Apple’s Return to Office “Yet to be Determined”

With Omicron lurking, Apple becomes the latest tech company to shy away from setting a hard back-to-office deadline.
Aaron Drapkin

Apple’s return to the office has been postponed indefinitely, the company says, after encouraging all employees to go out and get their vaccines and booster shots. 

Apple also announced a $1,000 bonus for all staff and suggested they invest in things that will make working from home much easier, such as video conferencing equipment

The news makes it the latest of the Big Tech companies to modify their paths back to the office in light of the spread of the Omicron variant. 

Apple’s Back to Office Plans Scrapped

Apple’s CEO Tim Cook sent a memo round this Wednesday — seen by NBC’s Zoe Schiffer — admitting that the precise date that employees are expected to be back in the office is “yet to be determined.”

“Our offices remain open and many of our colleagues are coming in regularly, including our teams in Greater China and elsewhere.” 

The decision to postpone employees’ return to Apple’s offices comes just weeks after the company set a February 2022 deadline for its staff to be back.  

In the letter, Tim Cook assured employees they would get at least a four-week warning on any return-to-work plans, ensuring employees will have enough time to adequately prepare themselves for re-entering the office. 

Staff Get Slice of Apple’s Pie

Apple staff is also getting a bonus of $1,000 this year. The bonus, which is subject to tax, “is intended to help with their home workspace” but “can be used as [Apple’s employees] see fit.” Employees should find it included within the next paycheck they get from Apple. 

“Keep in mind that when you return to the office, you’ll be bringing your Apple-owned equipment back, so you should consider what you’ll want for your home workspace,” said Tim Cook, Apple CEO. 

The $1,000 is not just a gift for the company's engineers and other technical staff. It will also be awarded to the tech giant’s retail workers — some of whom have seen their stores closed due to the recent surge in COVID cases.

What’s happening at the other Big Tech firms?

Apple isn't the only tech titan to have its return-to-work plans upended by COVID developments, executive orders, and vaccine uptake amongst staff

Google wants all of its employees back in the office for at least three days a week by next year, but its plans to mandate vaccinations and fire employees that don’t comply with its regulations have already been met with stern resistance.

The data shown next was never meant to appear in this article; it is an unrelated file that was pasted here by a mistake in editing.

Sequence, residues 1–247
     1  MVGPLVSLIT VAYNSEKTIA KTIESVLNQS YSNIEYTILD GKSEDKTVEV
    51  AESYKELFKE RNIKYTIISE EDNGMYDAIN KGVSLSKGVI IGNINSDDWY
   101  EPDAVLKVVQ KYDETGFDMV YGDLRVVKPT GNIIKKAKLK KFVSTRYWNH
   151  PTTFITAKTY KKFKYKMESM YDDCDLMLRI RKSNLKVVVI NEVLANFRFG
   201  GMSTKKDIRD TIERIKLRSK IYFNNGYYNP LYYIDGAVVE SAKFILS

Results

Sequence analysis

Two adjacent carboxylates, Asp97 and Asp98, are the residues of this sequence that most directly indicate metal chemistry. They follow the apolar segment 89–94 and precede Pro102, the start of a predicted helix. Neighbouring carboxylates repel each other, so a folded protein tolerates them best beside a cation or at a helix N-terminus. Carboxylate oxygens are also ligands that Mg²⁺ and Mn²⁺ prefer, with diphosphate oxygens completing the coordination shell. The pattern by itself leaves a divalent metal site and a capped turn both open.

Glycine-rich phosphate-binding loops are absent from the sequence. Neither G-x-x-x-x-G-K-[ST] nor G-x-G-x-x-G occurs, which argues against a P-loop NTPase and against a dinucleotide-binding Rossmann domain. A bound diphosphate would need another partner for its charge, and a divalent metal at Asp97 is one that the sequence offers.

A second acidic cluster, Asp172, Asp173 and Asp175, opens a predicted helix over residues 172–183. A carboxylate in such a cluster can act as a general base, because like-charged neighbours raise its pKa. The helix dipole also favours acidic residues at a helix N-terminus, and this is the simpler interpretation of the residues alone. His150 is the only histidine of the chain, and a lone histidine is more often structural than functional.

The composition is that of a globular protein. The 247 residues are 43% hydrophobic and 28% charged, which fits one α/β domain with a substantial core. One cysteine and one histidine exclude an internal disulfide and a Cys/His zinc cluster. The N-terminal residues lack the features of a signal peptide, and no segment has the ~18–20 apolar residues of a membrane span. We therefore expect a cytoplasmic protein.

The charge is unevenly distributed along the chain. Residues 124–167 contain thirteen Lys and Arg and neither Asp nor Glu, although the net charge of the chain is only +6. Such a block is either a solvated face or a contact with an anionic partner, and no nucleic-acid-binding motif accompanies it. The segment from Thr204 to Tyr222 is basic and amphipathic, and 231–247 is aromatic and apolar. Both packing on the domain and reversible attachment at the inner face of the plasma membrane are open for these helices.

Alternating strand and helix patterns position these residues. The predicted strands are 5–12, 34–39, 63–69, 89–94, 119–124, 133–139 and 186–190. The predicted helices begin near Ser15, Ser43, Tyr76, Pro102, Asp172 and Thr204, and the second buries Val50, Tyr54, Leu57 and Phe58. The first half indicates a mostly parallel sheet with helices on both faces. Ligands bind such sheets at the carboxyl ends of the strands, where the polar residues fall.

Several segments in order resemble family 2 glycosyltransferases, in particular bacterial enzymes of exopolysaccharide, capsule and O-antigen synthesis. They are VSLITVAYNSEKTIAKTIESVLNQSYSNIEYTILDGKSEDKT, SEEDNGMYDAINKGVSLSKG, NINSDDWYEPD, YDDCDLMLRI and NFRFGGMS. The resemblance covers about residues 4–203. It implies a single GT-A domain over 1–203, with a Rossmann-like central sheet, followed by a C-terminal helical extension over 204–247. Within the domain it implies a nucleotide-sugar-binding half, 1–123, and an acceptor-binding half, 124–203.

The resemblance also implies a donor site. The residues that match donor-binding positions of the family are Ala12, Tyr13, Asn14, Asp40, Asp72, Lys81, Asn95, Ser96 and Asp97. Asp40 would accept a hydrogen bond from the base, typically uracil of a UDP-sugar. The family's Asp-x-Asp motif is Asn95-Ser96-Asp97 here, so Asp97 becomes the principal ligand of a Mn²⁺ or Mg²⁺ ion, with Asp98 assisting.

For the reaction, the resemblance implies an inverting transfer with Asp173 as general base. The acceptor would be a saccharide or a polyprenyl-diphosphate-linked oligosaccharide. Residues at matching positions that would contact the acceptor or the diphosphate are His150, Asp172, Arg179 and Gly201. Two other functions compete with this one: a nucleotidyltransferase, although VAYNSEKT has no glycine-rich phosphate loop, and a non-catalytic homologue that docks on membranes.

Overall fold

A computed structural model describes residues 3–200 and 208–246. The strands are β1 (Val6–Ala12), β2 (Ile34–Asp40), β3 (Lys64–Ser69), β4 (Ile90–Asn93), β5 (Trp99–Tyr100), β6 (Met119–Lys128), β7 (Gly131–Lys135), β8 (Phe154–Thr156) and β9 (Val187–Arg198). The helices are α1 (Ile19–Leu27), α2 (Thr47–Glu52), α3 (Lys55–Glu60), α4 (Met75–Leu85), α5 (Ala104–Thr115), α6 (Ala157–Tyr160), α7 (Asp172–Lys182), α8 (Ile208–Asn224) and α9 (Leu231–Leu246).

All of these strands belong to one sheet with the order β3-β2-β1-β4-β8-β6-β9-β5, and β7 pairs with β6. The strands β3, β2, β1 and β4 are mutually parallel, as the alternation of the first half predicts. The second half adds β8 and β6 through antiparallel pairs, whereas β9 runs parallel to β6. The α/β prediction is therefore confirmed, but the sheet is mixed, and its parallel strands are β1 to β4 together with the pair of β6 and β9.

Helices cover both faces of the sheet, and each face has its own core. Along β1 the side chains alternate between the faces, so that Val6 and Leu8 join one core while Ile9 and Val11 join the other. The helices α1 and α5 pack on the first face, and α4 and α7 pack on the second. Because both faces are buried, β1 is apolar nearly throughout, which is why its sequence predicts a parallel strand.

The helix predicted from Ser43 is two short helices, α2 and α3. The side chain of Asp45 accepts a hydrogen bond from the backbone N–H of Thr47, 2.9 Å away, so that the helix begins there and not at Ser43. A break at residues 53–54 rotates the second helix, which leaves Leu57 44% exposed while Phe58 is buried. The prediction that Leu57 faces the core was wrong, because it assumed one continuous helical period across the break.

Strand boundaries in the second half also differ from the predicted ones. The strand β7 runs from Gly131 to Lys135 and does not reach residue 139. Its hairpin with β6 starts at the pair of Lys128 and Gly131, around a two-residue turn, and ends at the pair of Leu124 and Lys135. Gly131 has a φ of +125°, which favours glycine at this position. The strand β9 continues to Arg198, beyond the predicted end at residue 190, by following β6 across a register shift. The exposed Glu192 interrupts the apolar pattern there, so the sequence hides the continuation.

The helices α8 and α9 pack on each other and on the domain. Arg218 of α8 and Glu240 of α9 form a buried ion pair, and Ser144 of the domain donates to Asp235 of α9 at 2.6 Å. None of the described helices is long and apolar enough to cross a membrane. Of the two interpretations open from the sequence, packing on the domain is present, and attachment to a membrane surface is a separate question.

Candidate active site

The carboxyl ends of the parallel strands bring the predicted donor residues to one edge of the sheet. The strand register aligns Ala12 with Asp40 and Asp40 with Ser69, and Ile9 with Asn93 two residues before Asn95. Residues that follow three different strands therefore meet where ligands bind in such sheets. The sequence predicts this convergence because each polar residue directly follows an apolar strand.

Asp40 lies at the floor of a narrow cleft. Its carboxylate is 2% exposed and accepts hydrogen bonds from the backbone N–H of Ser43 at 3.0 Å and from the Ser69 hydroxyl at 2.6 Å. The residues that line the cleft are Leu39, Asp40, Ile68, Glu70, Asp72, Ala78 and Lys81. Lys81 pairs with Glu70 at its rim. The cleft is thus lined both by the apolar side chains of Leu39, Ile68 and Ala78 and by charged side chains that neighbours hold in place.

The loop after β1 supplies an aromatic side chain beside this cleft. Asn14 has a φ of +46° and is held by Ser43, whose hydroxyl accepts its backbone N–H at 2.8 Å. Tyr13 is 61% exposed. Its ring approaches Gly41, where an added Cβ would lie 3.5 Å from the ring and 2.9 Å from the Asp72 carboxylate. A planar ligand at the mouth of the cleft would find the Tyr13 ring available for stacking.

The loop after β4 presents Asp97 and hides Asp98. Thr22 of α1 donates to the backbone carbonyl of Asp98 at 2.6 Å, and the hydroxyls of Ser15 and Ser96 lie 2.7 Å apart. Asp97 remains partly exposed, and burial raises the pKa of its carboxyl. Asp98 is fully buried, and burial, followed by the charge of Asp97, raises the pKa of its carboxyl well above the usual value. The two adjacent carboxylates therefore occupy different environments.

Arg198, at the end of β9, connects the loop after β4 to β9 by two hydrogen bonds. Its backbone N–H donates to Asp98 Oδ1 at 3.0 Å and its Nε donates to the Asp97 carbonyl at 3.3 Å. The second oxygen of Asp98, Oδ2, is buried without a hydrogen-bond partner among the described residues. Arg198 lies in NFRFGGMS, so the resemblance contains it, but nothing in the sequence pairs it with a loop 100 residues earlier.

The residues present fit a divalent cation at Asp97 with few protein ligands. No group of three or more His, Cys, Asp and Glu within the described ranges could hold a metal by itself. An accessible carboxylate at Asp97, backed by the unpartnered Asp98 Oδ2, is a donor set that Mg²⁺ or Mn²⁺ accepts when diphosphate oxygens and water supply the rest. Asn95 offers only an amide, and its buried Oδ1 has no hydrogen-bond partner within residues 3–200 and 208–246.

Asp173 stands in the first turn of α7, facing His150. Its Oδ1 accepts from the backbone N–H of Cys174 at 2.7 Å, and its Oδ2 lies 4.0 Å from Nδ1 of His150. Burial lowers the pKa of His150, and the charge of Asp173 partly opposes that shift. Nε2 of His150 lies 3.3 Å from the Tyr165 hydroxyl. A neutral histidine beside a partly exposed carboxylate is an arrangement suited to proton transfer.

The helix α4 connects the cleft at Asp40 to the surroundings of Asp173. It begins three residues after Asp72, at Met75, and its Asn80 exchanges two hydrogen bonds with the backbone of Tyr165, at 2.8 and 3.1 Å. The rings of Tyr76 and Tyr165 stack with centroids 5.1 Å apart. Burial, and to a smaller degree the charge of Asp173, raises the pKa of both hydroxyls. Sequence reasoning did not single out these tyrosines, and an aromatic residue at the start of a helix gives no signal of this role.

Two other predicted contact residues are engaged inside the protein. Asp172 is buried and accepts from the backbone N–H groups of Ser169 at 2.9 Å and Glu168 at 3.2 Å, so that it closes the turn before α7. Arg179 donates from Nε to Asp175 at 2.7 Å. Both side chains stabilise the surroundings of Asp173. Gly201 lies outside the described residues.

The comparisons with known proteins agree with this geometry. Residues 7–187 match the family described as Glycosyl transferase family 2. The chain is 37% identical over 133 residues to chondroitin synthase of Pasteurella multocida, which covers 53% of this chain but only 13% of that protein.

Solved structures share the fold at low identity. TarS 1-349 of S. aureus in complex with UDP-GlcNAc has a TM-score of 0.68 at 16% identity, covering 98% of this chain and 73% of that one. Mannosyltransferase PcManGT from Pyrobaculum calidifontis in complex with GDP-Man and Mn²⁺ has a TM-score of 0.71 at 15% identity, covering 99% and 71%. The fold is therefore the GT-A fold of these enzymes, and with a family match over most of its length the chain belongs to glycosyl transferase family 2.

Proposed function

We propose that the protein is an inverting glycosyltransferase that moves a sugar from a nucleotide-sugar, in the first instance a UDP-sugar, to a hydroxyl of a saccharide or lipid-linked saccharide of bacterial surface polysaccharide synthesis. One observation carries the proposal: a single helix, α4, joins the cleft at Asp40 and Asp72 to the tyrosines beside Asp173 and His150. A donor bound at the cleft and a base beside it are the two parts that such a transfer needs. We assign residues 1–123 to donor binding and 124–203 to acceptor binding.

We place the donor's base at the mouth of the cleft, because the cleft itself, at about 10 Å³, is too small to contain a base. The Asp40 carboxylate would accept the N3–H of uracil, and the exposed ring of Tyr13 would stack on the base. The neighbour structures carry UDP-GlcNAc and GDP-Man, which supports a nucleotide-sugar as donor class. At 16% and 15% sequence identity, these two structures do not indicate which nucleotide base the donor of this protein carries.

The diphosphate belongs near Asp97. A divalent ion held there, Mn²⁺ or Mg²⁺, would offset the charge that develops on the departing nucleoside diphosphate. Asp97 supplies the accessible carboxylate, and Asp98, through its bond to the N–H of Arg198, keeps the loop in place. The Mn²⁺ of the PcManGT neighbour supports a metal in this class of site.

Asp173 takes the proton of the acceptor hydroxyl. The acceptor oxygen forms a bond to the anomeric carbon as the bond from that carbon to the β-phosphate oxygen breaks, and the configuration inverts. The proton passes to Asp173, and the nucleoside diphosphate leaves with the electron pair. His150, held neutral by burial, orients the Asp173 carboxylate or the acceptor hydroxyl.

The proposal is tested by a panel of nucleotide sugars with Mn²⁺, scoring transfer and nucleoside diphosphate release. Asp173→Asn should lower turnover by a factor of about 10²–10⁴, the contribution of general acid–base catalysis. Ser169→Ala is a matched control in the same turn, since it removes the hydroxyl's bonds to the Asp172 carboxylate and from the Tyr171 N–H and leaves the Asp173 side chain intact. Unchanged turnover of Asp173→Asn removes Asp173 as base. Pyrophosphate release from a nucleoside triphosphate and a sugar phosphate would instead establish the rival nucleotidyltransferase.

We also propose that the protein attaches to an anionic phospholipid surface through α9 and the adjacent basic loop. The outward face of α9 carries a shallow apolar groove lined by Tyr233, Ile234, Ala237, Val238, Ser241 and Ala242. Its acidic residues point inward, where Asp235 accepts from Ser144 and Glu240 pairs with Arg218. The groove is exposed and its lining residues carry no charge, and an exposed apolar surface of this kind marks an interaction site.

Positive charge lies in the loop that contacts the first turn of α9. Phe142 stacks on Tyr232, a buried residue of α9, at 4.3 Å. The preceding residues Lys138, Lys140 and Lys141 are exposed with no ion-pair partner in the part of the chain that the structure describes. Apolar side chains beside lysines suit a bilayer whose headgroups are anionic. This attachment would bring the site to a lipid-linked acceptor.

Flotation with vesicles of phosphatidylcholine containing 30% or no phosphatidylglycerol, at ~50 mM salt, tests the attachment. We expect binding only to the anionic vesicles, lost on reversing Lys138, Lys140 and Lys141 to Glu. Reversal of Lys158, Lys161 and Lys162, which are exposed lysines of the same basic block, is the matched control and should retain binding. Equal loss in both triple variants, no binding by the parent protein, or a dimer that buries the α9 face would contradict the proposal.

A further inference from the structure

Other big tech companies like Twitter have decided its staff can work from home forever, whilst Microsoft scrapped its return-to-work plans in September with the Delta variant wreaking havoc across the US. 

Meta, on the other hand, says there will be an office to come back to in 2022 for Facebook employees, but is giving employees the choice as to when they come back. 

We continue to offer a variety of options to choose what works best for them, so our employees can make informed decisions about where they work,” said human resources manager Janelle Gale. 

Are 5-day work weeks gone for good?

It seems as if even the companies headed up by the most strident believers in the merits of in-person office work have given up on trying to get back to five days a week. 

Thousands of companies are now following the likes of Apple and postponing their move back to the office indefinitely. The tide has changed, and so have our norms around working, especially after the world wasn’t brought to a total standstill by us all moving indoors. 

The indefinite postponements are, however, a grim reminder that none of us really know when this pandemic is going to end — and which Zoom call will really be our last. 

There’s every chance we may look back on this period in a five or ten years' time, COVID still raging, and find our unwavering optimism almost laughable.

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Aaron Drapkin is a Senior Writer at Tech.co. He has been researching and writing about technology, politics, and society in print and online publications since graduating with a Philosophy degree from the University of Bristol three years ago. As a writer, Aaron takes a special interest in VPNs and project management software. He has been quoted in the Daily Mirror, Daily Express, The Daily Mail, Computer Weekly, and the Silicon Republic speaking on various privacy and cybersecurity issues, and has articles published in Wired, Vice, Metro, The Week, and Politics.co.uk covering a wide range of topics.

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